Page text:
Money-Saving Tips: Cheapo Pesto

We've got some some genius ingredient swaps that won't sacrifice flavor.

Janice Lieberman swaps out expensive ingredients to make a Cheapo Pesto, as seen on Food Network's The Kitchen

Janice Lieberman swaps out expensive ingredients to make a Cheapo Pesto, as seen on Food Network's The Kitchen

It's hard to beat delicious traditional pesto, especially when it's homemade. But the classic pesto ingredients can be a little on the pricy side. Never fear, The Kitchen is here to give you some genius ingredient swaps that won't sacrifice flavor.

One of the key ingredients in traditional pesto is good Parmigiano-Reggiano. Authentic Parmigiano-Reggiano can only be made in a few specific provinces in Italy—Parma, Reggio Emilia, Modena, Bologna and Mantua. To qualify for the "Parmigiano-Reggiano" designation, producers must adhere to very specific methods. The cheese is crafted from cow's milk and aged, then shipped out all over the world. Parmigiano-Reggiano has a rich depth of flavor and crumbly texture that can only be found in the real thing. But since it is made under such strict guidelines and imported, it can run you at least $15 per pound.

So what do we do? Try American Parmesan instead! There are a ton of great producers in the US that make a version of this nutty cheese using similar methods. The flavor of domestic Parmesan may not be as robust as its Italian cousin, but when combined with all of those other pesto ingredients, it won't be missed. At about $10 per pound, you can still get a fantastic texture and taste.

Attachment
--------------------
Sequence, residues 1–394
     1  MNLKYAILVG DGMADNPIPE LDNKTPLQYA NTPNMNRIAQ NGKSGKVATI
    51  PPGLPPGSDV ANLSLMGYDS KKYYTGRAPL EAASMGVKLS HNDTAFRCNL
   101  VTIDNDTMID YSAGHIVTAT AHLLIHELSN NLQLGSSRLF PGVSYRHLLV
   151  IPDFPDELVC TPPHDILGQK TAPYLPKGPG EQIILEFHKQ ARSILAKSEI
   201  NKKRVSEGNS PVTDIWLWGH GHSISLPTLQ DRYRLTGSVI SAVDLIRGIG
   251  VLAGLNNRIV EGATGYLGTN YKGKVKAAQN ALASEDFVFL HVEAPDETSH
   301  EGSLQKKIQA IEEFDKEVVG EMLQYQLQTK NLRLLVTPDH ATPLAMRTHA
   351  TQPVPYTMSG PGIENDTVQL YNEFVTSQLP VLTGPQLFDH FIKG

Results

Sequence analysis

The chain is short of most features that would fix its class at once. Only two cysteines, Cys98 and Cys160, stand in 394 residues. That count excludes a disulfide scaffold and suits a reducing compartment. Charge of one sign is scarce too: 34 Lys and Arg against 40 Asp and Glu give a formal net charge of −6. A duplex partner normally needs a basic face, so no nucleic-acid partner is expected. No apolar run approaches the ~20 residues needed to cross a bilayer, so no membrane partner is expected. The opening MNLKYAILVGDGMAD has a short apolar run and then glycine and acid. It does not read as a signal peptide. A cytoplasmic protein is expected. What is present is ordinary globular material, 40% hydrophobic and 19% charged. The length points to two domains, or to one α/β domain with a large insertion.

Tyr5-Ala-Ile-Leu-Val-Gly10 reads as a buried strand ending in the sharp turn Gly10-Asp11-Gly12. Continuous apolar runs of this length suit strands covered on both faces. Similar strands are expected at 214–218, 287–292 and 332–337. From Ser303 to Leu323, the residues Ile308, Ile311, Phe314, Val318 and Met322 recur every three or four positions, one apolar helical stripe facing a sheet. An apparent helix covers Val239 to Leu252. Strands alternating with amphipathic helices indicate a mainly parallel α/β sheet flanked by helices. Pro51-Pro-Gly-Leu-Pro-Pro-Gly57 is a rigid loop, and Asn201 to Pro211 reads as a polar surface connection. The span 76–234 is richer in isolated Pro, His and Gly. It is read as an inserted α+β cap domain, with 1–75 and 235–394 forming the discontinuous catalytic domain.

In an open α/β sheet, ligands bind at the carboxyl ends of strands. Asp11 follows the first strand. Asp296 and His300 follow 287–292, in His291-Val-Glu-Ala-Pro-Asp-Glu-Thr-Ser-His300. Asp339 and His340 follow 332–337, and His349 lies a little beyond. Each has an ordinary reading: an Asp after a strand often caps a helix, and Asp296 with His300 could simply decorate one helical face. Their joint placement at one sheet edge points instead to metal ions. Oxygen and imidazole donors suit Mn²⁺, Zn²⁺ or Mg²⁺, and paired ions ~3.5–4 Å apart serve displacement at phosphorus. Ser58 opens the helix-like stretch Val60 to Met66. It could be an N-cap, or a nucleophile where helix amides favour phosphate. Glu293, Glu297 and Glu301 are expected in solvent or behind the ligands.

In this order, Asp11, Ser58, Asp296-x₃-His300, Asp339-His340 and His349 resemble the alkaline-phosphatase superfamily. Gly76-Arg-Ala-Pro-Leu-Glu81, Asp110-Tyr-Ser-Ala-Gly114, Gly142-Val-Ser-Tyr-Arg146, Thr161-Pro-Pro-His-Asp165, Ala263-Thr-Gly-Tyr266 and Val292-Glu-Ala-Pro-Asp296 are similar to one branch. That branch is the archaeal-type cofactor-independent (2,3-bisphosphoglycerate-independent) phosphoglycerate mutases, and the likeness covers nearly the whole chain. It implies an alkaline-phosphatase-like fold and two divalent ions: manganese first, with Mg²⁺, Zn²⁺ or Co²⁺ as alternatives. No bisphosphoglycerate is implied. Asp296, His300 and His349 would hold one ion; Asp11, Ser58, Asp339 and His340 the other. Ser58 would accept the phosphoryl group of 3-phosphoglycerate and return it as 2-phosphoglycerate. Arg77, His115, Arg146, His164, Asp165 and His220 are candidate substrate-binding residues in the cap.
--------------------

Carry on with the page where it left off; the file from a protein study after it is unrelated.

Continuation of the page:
The next element in pesto is pine nuts. Because of the labor required to harvest them, these little nuts can set you back as much as $12 for a 6-ounce bag. We suggest using walnuts instead. Walnuts add a similar toasty flavor to pesto, at a much lower price—a 6-ounce bag is only about $5. That’s a savings of 7 bucks!

You can't have pesto without basil, right? Wrong! Typical pesto recipes call for a lot of basil, about two bunches. But basil doesn't have a very long shelf life, which means that two bunches from the grocery store can run you about $6 and still not contribute very much flavor to the pesto. How to get around it? Try using frozen peas instead. Frozen peas add sweetness, creamy texture and an appealing bright color to the pesto. Peas from the freezer section are flash frozen at the peak of freshness and flavor. One bag of peas can cost as little as $1—for a savings of at least $5 when compared to using fresh basil. Pea pesto can be used on pasta, over chicken or smeared on crostini for an easy app. We think Cheapo Pesto is perfect anytime!

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